I have made spade bits by sawing a slot in the end of mild steel rod and brazing in a piece of a blade from a 10" table saw. The reason for doing it was the need for a spade bit with a 30" length when I wanted to build a so called "butcher block" table top. I drilled small holes in each strip of wood before gluing things together and after gluing I used the long spade bit more as a reamer to enlarge the holes and get a straight enough hole to install all thread rods to bolt the laminated top together. Worked fine although the brazed in blade later broke/chipped as the brazing/quenching I did resulted in a very hard/too hard condition in the high carbon saw blade material. Quick and easy to make whatever size you need. If you use a piece of cold rolled about 1 inch in diameter you can turn it down to fit you drill press chuck. Should work for up to 2-1/2". You could use a piece of pipe and braze a broken taper drill shank in one end and a piece of cold rolled with the slot/blade in the other end. Minimize the amount of hardened material sticking out from the shaft to avoid broken edges.


            • #7
              I'm getting kind of leery with regards to Ebay. By the time I pay the differance on the dollar, duty, shipping and handling ect. i'm not sure that it's worth it. Besides, I like making tools. Steam or IC engines don't appeal to me right now, maybe in the future. Building garden tractors is my other passion. I posted this question because I have never used oil hardening steel before. Will they be tough enough to drill mild steel?
              To invent, you need a good imagination - and a pile of junk. Thomas A. Edison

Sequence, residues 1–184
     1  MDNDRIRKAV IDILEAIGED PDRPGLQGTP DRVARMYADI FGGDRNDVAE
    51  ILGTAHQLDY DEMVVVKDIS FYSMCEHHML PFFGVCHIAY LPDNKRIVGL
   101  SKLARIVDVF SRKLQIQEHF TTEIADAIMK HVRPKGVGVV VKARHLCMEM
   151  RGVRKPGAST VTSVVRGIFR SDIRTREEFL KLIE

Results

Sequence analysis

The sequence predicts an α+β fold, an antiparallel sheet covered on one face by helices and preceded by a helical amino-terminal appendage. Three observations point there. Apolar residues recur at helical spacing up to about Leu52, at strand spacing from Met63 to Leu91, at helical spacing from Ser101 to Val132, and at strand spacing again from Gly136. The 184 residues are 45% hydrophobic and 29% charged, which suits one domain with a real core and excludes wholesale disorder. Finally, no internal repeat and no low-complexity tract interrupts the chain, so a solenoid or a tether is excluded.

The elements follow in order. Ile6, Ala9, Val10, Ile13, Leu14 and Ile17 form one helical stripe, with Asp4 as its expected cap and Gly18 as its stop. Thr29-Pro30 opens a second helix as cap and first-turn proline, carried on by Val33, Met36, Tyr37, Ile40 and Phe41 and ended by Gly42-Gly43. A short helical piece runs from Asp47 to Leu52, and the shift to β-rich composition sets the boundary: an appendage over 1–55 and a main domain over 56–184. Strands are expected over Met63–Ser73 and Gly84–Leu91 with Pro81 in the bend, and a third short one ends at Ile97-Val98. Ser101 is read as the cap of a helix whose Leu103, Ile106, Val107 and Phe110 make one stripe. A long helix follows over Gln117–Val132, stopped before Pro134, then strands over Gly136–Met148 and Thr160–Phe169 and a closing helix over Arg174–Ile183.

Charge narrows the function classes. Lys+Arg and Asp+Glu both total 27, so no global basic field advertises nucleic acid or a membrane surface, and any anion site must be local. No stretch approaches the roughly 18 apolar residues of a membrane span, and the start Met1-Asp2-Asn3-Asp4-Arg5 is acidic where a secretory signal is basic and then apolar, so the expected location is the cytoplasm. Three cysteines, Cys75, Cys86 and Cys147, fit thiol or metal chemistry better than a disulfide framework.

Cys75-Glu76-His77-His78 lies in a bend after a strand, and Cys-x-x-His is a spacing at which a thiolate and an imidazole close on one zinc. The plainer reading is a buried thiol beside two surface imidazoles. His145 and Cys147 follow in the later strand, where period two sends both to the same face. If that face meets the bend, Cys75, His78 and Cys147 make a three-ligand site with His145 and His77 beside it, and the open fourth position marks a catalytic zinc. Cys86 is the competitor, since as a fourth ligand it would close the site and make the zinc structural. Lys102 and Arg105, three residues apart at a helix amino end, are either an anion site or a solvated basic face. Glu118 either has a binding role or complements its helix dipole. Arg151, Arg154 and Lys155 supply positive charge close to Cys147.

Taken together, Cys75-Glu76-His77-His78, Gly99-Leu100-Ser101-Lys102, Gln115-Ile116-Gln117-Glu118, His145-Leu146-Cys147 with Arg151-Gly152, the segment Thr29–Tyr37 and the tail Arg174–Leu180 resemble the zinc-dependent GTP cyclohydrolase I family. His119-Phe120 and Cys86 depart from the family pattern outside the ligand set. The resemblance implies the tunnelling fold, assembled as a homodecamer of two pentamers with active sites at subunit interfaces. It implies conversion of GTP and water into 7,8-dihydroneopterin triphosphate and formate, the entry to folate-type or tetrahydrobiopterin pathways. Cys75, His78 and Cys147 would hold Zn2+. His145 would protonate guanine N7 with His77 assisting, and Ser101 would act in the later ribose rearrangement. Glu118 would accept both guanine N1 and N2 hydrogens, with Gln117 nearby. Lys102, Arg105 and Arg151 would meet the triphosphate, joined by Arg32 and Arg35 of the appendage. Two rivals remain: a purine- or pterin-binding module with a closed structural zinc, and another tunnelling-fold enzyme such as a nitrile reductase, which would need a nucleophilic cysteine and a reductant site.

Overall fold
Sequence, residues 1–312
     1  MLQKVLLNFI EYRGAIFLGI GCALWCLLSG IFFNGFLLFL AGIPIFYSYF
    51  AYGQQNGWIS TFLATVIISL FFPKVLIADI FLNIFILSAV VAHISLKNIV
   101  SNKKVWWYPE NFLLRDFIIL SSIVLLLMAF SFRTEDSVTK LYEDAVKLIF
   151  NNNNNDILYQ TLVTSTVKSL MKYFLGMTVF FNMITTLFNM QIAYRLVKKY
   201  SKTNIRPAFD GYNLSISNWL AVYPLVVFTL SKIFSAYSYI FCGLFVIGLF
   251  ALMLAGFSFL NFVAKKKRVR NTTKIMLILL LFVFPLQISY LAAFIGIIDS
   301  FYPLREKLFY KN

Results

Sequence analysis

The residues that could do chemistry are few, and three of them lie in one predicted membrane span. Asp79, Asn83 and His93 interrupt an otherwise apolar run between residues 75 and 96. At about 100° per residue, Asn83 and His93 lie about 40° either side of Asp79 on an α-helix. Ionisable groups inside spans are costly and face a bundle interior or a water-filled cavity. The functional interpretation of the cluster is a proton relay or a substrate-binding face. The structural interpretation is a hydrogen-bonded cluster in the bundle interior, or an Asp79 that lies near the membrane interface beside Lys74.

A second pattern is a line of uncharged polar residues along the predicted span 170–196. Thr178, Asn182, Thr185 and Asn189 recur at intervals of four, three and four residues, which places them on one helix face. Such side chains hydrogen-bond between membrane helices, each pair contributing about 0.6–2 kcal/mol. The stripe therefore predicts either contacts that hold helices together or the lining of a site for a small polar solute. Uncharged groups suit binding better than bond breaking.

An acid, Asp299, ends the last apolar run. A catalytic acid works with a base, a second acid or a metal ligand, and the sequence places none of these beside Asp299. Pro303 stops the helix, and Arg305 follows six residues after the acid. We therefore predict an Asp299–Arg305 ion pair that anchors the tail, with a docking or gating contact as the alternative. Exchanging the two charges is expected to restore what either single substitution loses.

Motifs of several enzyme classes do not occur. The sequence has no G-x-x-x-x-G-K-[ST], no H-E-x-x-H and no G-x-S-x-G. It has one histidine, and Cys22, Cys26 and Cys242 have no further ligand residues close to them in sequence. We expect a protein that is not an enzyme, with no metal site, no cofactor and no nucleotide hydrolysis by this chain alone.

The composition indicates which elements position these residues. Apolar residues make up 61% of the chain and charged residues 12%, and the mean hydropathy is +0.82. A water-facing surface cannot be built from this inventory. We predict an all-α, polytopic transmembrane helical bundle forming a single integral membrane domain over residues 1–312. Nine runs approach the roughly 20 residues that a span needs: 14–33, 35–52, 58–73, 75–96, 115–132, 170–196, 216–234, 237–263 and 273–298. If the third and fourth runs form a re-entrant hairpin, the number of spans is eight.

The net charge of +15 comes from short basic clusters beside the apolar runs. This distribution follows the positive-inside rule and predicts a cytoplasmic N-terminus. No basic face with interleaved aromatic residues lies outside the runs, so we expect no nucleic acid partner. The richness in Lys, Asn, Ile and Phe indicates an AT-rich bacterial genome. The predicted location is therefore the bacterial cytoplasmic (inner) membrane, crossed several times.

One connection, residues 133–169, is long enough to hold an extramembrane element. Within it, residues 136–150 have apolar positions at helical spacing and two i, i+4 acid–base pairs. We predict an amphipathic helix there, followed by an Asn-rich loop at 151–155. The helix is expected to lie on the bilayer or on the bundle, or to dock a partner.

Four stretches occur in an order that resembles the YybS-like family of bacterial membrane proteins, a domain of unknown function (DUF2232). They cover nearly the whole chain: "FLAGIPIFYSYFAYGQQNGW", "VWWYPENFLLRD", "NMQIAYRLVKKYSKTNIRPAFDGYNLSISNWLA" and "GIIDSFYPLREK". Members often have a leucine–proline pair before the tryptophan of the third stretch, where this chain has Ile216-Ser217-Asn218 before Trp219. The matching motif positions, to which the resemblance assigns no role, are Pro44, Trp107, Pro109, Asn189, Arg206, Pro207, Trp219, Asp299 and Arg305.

• #8
                Had a job once where I had to waste out some 3"holes from nothing on a b-port mill,I drilled a 3/4"hole and made a boring bar 1"in dia. and turned a 3/4"pilot on the end,I then drilled a cross hole to fit a 5/16"tool bit at the start of the pilot,secured it with a setscrew and ground the face and bottom of it for positive rake and set it with a mike for 1"offset from the 1"shank,cranked the mill up at 80 rpm and let the pilot do the work,in about 1 minute I went trough 2.5"of colled rolled steel,nice wide shaving in one piece,nice and smooth.I got the idea out of an old Audel's machinist manual from about 1910,those old guys knew their stuff!
                I just need one more tool,just one!


                • #9
                  if you want o roll your own, then I would suggest a tougher steel thatn the "O" series, either the "A" or "D" series should work fine. "D" series is often used for precison tools, broaches, and cold forming dies & rolls. It should be treated as an air hardened steel as it can fail in threaded, thin, or sharp inside corner sections when oil hardened. D-3 can be oil hardened but this is rarely done.

                  T-15 would make an excellent spade drill as it has outstanding red hardness. I do not know how well it would hold up as a spade drill - fracturing from stress is my only concern with it. I doubt this is a problem as it handles interupted cuts extremely well, but the cutting edges are usually supported by the toolholder. In a spade drill the wide blade supported only at the center might flex and break I do not know if it would even happen, but I thought I should point it out as it could be the only detraction from this excellent cutting tool steel.

                  If you have trouble locating any T-15 can sell you either Vacuum Crucible or APM T-15 in nearly any size.